Sanctions work best when they’re coupled with support for the people

Sanctions work best when they’re coupled with support for the people

Ambassador Robert Joseph, U.S. Special Envoy for Nuclear Nonproliferation and Under Secretary of State for Arms Control and International Security until 2007, addressed a panel discussion on the subject of “IRGC and Sanctions” in a Paris suburb on June 29, 2018. The event was jointly organized by FEMO and APA. His remarks follow:

Good to see you and let me also thank the organizers for inviting me to participate once again in this annual gathering. It’s a great event and I’m happy to be a very small part of it. I mean this is an event of tens of thousands of those who are committed to a free and democratic Iran. And my very best to all that attend.

In terms of the Annex 2, I would just add one footnote. Annex 2 was one of a number of fatal flaws of the JCPOA, and we could spend the entire session on what those flaws were including ineffective verification, allowing Iran to pursue advanced centrifuges, failure to cover missiles, failure to deal with the potential military activities that were uncovered by the IAEA. WE could go on and on. But I think that’s behind us, because on 8 May President Trump made what I consider to be the correct and very courageous decision to leave the JCPOA. In terms of your question, Lincoln, on sanctions and whether sanctions work, my answer would be sanctions can work. Sanctions can work if they’re part of a broader strategy, a strategy that has a diplomatic component, a military component, an intelligence component, and a broader economic component. And I think that’s important to keep in mind.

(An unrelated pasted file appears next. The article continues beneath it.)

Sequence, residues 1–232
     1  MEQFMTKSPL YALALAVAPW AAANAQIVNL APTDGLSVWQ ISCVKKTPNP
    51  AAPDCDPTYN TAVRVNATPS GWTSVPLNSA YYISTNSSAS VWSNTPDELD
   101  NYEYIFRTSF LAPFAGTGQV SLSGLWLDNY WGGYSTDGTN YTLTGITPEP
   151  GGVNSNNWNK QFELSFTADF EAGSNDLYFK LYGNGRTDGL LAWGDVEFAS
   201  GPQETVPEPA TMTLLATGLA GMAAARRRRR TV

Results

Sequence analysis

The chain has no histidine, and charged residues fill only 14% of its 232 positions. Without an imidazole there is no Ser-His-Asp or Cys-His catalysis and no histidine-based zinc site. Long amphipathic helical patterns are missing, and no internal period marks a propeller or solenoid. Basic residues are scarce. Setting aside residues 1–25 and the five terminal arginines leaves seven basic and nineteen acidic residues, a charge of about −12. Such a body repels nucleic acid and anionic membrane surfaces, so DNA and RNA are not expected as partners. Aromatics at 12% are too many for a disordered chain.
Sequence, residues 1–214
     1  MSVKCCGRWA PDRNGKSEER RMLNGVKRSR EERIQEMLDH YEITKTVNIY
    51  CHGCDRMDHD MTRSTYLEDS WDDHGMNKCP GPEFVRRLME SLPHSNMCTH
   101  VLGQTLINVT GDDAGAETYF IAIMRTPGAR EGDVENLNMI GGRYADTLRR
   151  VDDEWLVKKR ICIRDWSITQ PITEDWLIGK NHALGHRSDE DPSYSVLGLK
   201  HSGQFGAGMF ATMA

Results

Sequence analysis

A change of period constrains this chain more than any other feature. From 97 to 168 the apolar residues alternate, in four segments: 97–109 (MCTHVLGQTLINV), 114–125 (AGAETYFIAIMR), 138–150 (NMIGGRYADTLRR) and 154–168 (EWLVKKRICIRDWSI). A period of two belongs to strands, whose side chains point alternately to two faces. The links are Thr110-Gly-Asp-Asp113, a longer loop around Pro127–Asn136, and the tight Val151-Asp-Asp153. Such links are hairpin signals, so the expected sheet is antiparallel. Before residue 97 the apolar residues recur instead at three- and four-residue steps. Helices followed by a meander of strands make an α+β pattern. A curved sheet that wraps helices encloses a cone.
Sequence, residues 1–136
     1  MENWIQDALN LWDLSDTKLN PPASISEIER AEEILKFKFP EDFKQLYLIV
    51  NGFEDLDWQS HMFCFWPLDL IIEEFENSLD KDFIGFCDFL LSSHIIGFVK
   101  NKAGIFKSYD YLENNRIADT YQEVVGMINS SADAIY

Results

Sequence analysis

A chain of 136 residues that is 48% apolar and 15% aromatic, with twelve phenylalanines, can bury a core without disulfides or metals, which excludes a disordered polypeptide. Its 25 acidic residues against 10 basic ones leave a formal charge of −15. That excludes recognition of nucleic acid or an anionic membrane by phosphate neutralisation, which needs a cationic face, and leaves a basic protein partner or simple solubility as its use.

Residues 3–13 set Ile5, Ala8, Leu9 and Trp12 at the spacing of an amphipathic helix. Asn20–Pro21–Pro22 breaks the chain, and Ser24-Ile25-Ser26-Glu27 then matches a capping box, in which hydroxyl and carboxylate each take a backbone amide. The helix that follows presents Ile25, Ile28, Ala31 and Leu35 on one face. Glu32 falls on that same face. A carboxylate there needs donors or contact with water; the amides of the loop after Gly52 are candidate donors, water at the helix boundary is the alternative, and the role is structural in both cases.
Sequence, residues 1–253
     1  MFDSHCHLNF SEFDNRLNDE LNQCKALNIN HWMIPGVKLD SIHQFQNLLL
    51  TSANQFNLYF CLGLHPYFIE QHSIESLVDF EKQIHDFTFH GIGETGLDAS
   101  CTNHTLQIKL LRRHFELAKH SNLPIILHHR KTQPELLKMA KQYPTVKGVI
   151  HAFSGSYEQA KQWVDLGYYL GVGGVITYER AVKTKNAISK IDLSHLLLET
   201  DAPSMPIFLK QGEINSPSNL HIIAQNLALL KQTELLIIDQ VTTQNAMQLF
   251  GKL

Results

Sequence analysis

I think it’s also essential to note that sanctions work best when they’re coupled with support for the people, in this case the Iranian people. The regime has tried to portray sanctions as directed against the Iranian people. But you can see from the protests that have occurred over the past years that the Iranian people simply aren’t buying that line. They understand what the cause is and they appropriately put the blame on the Iranian regime. This is a regime that they know has mismanaged the natural resources of Iran, has spent billions if not tens of billions on misadventures in Syria, in Lebanon, in Yemen, and to support terrorist proxies. This is a regime that is corrupt to the core. As Secretary of State Pompeo said recently, the Iranian people can smell the pervasive corruption of this regime and are reacting against it. And I think that is perhaps one of the most essential elements of having sanctions work and having the broader strategy work.

So what can we do? Well, I think it’s very clear that we can continue to attack the financial networks of the IRGC. Recently, we reimposed sanctions on the governor of Iran’s central bank for funneling funds from the IRGC to Hezbollah. And there’s many more things that we can do in that context. We can also broaden sanctions to other sectors beyond petroleum related and financial related transactions to mining, to engineering, to construction. The IRGC is pervasive within and across the Iranian economy, and there’s much more room to apply truly effective sanctions that can get at their not just power but their lack of liability in the eyes of the Iranian people. In terms of working with others, I think sanctions will be effective as we move beyond the political impediments that have existed as a consequence of President Trump’s decision to leave the JCPOA. Once we’re beyond those impediments I think we will work very closely with our European partners. Because let’s face it, the European companies are faced with the choice of either continuing to go operate and work with Iran, or to face a complete divorce from the American economy. That’s really not much of a choice for the corporate entities in Europe. And you can already see shipping companies, insurance companies, petroleum companies, already moving to abandon their relationships with Iran. They have said that they will continue those relationships only if waivers are offered. And Secretary Pompeo has again said that that’s very unlikely. It’s simply not going to happen. I would just conclude by emphasizing again the importance of working with the Iranian people and working with the opposition outside of Iran who are determined to achieve that free and democratic Iran. Let me stop there.